It's happened to all of us. Despite our best efforts to get to the studio 15 minutes early to have time to settle in and decompress before class...we're late (again!). Now what?
Some studios are very strict and don't allow students to enter class late, but most (including Valley Vinyasa Yoga Studio) are pretty understanding and are just glad to have you there. But both the teacher and the other students appreciate it when latecomers follow a few basic yoga etiquette guidelines.
Here are a few tips for arriving late for class:
If you know in advance you're going to be cutting it close, ask the teacher if she'll set up a mat and props for you near the door before class (she'll be more than happy to do it). That will minimize the disruption to the rest of the class and get you into the practice faster.
If you get to the studio and the class has started their opening meditation, consider waiting outside and getting centered there so that you don't disturb the serene atmosphere the teacher is trying to create. Take a few minutes to breathe and put whatever made you late behind you, then join the class when the movement begins.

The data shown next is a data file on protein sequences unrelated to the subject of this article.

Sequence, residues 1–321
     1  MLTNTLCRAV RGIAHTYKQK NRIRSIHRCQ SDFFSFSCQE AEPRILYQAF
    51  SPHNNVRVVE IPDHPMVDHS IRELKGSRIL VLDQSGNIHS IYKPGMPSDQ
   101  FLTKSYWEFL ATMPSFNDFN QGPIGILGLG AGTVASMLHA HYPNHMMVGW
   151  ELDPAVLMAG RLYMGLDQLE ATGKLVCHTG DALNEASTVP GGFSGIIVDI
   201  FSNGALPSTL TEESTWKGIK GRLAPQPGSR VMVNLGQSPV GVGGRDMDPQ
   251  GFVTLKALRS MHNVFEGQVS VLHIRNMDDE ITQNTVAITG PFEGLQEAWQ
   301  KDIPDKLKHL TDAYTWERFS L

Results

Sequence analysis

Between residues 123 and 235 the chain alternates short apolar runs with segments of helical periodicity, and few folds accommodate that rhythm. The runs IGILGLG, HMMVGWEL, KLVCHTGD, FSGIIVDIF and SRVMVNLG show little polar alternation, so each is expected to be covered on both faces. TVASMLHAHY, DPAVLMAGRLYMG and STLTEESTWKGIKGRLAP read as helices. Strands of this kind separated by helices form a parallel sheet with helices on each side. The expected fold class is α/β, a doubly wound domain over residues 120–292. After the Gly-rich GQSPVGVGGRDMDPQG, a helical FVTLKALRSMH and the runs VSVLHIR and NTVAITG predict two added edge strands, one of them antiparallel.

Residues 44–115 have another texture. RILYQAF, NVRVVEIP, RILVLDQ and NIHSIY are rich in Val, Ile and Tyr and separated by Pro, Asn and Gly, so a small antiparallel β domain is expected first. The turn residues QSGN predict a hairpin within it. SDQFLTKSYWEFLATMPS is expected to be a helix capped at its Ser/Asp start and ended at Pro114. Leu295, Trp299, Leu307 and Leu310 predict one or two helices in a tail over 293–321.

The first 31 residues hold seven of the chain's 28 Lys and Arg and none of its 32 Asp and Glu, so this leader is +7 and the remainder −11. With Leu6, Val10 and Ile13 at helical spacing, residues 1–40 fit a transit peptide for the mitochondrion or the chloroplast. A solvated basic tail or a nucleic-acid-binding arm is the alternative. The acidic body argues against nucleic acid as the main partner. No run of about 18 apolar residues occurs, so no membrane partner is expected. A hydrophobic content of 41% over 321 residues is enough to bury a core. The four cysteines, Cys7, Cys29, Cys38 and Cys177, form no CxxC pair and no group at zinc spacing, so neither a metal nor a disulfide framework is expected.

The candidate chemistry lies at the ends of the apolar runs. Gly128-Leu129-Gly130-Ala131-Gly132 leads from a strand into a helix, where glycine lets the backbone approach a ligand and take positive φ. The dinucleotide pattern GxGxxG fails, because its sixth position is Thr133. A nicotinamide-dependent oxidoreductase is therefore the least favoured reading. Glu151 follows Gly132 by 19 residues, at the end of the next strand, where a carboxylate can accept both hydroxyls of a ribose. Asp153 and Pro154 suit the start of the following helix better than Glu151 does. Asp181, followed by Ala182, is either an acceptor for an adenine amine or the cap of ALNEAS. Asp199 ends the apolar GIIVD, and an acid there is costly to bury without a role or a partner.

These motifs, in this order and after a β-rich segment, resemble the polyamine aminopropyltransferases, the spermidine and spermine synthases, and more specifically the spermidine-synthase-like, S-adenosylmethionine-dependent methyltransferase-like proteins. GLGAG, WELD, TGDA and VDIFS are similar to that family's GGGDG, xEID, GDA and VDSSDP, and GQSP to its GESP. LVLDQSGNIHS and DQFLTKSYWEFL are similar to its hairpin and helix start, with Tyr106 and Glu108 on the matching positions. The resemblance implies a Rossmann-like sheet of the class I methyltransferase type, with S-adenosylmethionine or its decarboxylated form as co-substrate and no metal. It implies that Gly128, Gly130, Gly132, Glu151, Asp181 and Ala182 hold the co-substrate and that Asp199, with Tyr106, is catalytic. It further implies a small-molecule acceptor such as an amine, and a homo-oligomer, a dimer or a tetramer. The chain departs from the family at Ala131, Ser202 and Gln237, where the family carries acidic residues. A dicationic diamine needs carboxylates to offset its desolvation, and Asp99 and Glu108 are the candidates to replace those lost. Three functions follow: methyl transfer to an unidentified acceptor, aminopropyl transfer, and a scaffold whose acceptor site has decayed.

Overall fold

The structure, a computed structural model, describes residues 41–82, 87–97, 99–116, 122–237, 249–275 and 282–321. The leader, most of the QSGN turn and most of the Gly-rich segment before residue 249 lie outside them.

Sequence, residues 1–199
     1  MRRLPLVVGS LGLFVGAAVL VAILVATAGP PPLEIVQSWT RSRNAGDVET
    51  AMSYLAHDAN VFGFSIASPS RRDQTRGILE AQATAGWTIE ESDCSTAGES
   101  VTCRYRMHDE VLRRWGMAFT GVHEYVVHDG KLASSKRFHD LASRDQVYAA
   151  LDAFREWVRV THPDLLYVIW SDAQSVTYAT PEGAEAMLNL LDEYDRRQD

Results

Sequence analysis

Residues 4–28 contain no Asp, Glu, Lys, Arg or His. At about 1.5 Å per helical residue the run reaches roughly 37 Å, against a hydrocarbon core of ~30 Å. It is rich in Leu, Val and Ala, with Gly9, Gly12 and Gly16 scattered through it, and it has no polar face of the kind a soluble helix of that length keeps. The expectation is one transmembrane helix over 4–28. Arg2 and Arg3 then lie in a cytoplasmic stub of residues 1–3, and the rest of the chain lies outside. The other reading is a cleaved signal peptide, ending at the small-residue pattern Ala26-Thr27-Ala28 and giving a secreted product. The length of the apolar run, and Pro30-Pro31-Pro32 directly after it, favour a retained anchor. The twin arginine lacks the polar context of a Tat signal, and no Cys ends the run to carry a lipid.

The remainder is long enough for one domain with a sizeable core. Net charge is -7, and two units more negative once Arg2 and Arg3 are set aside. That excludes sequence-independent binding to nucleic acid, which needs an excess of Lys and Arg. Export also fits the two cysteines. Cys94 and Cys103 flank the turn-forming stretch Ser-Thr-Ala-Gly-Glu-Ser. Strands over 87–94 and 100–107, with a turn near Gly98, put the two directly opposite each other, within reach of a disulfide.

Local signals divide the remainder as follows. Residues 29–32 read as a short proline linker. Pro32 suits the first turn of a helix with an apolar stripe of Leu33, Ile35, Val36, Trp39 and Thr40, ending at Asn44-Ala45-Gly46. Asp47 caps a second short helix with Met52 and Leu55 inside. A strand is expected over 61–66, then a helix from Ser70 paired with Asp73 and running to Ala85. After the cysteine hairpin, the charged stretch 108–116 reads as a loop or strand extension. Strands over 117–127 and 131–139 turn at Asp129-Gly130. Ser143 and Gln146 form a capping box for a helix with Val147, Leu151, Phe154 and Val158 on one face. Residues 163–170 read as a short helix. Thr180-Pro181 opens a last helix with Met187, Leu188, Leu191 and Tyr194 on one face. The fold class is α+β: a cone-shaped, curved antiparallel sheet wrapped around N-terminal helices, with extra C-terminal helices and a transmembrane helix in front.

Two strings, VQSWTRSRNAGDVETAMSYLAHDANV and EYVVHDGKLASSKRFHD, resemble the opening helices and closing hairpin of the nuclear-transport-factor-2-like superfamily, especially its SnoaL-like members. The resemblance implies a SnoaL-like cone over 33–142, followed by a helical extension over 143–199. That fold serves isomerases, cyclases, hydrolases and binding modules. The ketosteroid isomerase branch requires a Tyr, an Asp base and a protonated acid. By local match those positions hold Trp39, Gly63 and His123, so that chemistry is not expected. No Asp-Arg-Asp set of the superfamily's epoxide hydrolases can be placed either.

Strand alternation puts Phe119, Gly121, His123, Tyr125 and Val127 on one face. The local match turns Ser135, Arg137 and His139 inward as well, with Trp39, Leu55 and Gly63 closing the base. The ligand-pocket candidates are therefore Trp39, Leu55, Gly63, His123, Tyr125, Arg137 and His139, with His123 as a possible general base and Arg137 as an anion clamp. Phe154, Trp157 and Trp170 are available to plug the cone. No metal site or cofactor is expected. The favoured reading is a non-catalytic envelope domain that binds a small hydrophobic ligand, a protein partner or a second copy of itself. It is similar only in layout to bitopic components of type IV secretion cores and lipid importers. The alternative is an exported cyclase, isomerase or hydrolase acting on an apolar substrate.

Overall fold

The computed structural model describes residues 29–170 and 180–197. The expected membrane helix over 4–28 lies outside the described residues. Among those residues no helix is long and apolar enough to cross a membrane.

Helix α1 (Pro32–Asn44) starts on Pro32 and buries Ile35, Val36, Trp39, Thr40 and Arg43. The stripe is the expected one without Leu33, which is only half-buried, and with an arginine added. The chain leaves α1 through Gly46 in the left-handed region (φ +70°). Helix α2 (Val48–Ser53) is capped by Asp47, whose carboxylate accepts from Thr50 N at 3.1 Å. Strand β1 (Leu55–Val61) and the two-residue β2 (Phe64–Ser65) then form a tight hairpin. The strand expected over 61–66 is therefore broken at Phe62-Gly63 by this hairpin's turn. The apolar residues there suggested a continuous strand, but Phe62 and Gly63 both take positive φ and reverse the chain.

If you do enter the studio when the class is centering, minimize your movement and noise.
You can spread your mat out later (the sound of a snapping mat hitting the floor is a definite distraction); for now, just sit quietly on the floor near the door. Avoid unzipping and walking around; again, you can sign in and get your props after the class gets moving.
If you get to class at the end of the opening meditation or after it's over, be sure to give
yourself a minute or two to get centered yourself. Missing a couple of postures won't hurt your practice as much as not spending the time to get in the right frame of mind, so sit quietly (or rest in child's pose) on your mat and join in when you feel ready.
It's important to remember that for most students, what happens in the first few minutes of a yoga class is as important as all the poses and flow that follow. It can be the difference between whatever happened before they entered the studio and the intention they have for their practice. It's also an important time for the teacher, who is working hard to move everyone into a place of peace and readiness. When you respect their practice, they'll understand and accept your late arrival.